How do birds keep their balance?

Could it be with their butts?

We balance using special organs deep within our inner ears called semicircular canals (AKA semicircular ducts). Semicircular canals are three C-shaped tubes lined with tiny hairs and filled with a special fluid. When we move, that fluid sloshes around, moving the hairs and giving our brain information about how we’re oriented in 3-D space.

We balance using semicircular canals.
Source: Wikimedia

Birds also have semicircular canals — but they’re really, really good at balancing. So good, in fact, that some have suggested another region of their body is also helping them keep their balance — their butts! 

Birds’ rear ends house a special organ called a lumbosacral organ (LSO), which is a modification of the spinal cord. Specifically, this organ is found in a region of the backbone called the synsacrum. The LSO is made up a few different pieces, but two notable ones are a general swelling of the spinal cord and some special nubbins that stick out from it called accessory lobes. But how is a blobby butt brain supposed to help with balance?

Birds balance using semicircular canals like us (A), but do they also use their butts to balance (C — LSO)?
Source: Stanchak et al., 2020

(Okay, fine, it’s not an actual brain. Though people claimed the dinosaur Stegosaurus had a butt brain for centuries. Turns out that was probably just a LSO, too.)

Quacking the case

In a new article out in Integrative Organismal Biology, K.E. Stanchak and colleagues from the University of Washington explore the hypothesis that the LSO plays a role in balance. The researchers started by taking micro-computed tomography (uCT) scans of synsacra (lower vertebral columns) from a bunch of different species of birds. The LSO occupies a cavity inside the synsacrum — so, Stanchak and colleagues created a 3-D endocast, or model of the internal shape, of each synsacrum to see what the shape of the LSO would be like in life.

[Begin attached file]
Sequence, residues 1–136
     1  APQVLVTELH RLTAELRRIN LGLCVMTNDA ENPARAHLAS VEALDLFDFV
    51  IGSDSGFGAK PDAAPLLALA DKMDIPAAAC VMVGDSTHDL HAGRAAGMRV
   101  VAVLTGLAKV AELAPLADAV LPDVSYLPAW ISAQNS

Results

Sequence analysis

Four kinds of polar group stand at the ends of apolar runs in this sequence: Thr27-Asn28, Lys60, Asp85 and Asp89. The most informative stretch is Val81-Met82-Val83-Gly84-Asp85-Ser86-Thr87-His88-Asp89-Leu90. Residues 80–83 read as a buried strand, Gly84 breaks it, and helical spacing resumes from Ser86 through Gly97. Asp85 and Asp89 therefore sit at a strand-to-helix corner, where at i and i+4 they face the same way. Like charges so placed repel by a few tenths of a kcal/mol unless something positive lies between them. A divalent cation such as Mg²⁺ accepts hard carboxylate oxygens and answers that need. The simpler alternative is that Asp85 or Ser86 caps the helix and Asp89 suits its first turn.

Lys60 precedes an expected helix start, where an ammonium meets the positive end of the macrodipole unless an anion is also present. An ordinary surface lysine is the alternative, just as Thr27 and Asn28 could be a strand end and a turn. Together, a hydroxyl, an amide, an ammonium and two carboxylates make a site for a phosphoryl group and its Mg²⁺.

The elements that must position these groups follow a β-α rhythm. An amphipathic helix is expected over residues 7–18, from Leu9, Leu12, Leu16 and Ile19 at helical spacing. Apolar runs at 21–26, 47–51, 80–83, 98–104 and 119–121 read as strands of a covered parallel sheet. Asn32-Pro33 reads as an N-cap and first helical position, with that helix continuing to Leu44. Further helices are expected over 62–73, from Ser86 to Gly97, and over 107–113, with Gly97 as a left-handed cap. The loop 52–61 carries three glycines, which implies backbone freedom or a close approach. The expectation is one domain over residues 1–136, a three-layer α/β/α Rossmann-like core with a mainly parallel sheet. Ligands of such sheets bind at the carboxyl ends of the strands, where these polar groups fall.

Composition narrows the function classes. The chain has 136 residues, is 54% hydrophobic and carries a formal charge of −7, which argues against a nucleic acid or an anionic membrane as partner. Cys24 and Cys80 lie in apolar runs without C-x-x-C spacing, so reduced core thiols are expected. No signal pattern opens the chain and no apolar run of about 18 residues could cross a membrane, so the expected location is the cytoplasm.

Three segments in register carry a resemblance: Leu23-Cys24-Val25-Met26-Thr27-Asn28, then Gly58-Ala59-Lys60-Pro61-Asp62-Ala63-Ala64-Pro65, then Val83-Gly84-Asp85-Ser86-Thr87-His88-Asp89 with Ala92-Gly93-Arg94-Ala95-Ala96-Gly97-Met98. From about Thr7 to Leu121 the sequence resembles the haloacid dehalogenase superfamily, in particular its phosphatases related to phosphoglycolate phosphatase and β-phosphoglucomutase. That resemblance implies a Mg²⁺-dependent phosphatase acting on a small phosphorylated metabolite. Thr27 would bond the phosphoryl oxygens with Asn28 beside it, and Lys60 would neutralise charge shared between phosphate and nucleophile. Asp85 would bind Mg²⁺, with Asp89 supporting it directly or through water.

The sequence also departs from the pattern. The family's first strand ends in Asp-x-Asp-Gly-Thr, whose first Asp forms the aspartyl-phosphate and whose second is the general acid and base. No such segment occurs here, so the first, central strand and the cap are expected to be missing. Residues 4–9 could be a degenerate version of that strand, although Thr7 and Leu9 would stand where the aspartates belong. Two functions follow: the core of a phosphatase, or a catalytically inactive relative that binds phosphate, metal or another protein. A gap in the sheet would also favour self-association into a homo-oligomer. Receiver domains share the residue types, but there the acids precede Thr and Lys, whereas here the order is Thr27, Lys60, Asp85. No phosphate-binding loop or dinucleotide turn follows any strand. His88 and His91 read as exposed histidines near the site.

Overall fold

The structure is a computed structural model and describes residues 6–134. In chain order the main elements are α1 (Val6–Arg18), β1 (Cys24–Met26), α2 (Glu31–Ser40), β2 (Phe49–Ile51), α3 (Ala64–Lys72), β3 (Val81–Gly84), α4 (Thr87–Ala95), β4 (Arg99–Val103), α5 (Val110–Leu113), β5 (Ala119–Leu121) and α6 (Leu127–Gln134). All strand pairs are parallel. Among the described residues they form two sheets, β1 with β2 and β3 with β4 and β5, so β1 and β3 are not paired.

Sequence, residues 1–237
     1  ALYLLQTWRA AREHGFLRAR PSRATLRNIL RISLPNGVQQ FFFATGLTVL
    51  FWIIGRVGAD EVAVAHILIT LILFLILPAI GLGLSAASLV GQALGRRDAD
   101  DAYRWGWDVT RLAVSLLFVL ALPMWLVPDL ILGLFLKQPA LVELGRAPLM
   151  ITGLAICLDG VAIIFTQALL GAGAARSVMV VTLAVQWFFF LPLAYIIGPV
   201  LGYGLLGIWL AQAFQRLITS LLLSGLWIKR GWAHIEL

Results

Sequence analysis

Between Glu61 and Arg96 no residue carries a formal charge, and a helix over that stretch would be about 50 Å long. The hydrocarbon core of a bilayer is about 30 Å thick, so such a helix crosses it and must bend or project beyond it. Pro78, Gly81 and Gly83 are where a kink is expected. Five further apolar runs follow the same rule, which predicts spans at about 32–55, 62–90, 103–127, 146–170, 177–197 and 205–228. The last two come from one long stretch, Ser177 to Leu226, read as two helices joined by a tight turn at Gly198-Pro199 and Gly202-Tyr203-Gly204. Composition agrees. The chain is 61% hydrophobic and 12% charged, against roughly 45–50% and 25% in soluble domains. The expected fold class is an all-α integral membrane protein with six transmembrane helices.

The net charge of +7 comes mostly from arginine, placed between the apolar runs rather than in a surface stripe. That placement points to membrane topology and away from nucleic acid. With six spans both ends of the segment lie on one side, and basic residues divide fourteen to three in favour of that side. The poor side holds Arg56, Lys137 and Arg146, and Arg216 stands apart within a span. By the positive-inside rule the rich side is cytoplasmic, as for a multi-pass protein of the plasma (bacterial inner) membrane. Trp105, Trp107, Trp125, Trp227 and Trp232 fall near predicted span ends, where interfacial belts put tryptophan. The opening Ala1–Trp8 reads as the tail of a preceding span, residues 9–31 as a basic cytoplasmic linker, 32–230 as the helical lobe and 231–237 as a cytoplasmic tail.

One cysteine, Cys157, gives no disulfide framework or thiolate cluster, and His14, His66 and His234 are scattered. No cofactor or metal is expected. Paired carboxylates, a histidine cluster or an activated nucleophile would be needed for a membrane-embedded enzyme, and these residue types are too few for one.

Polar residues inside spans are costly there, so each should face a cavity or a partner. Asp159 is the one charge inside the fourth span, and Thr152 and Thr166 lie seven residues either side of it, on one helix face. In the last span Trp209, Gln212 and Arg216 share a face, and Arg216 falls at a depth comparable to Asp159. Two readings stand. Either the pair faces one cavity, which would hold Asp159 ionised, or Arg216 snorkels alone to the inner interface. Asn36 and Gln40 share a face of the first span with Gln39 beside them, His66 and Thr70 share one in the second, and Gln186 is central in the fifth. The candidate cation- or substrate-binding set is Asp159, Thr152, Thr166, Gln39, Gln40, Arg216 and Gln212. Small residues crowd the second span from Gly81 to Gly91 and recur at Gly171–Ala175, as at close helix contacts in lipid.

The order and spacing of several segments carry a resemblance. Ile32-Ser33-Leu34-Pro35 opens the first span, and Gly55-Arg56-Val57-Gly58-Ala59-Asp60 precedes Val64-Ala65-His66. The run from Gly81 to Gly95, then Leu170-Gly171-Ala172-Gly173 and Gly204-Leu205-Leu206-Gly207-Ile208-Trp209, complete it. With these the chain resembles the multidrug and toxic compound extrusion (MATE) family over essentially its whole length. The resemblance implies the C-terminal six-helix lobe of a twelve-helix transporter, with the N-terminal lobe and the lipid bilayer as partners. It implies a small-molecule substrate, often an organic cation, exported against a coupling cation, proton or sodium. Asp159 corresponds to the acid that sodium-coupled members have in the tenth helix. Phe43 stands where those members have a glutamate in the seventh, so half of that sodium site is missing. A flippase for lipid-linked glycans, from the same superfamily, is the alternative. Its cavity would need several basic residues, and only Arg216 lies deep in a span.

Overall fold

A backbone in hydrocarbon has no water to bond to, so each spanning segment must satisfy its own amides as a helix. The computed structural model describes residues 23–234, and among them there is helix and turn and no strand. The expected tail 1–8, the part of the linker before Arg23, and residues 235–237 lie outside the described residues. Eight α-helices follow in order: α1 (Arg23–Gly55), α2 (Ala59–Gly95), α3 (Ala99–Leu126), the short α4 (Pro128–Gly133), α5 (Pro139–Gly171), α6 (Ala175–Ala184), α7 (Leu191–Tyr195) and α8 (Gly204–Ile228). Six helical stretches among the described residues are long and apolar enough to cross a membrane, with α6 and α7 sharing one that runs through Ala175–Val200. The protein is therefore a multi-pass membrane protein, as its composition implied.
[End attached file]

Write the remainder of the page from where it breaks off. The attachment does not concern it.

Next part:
An X-ray slice of a uCT scan, and the resulting synsacral endocast representing LSO shape, for a Humboldt penguin.
Source: Stanchak et al., 2020

Once they had all of their 3-D endocasts ready to go, the researchers measured a lot of different metrics to describe the shape of each species’ LSO. They found that all the species they study had an LSO, but that the shape of the LSO varied substantially among species. Ultimately, they found that species that do a lot of perching, like resplendent quetzals and tawny frogmouths, had really prominent transverse processes, indicating big accessory lobes (nubbins). They also found that flamingos, notorious for their ability to balance on one leg, had a really big LSO overall.

Perching birds have prominent nubbins sticking out of their LSOs (high LSTC Prominence).
Source: Stanchak et al., 2020

Because Stanchak and colleagues found that birds that perch do seem to have a more exaggerated LSO, they concluded that there is support for the hypothesis that the LSO plays a role in balance in birds.

Moving forward

In their paper, the authors raise several questions about how exactly the LSO helps birds balance. How do the different pieces of the LSO help birds sense both rotational and translational acceleration? Does the LSO contain specialized mechanosensory cells like the ones inside the ear’s semicircular canals? If yes, where are they located? How is information from the LSO combined with information from the semicircular canals when it reaches a bird’s brain? How does relative importance of the LSO compare with that of other balance boosters, like the passive mechanisms built into some species’ limb anatomy?

 As these additional aspects of LSO function are unraveled, we can get closer to understanding when the LSO evolved and how it has contributed to the evolution of bipedal (two-legged) walking in birds — and in turn, to their current ecological diversity. Until then, make sure to keep checking out for the latest in cool, organism-centered biology!

By Armita R. Manafzadeh

Armita R. Manafzadeh is a PhD candidate studying the dynamic arthrology of the archosaur hindlimb at Brown University. Her interests include functional morphology, vertebrate paleontology, and biomechanics.

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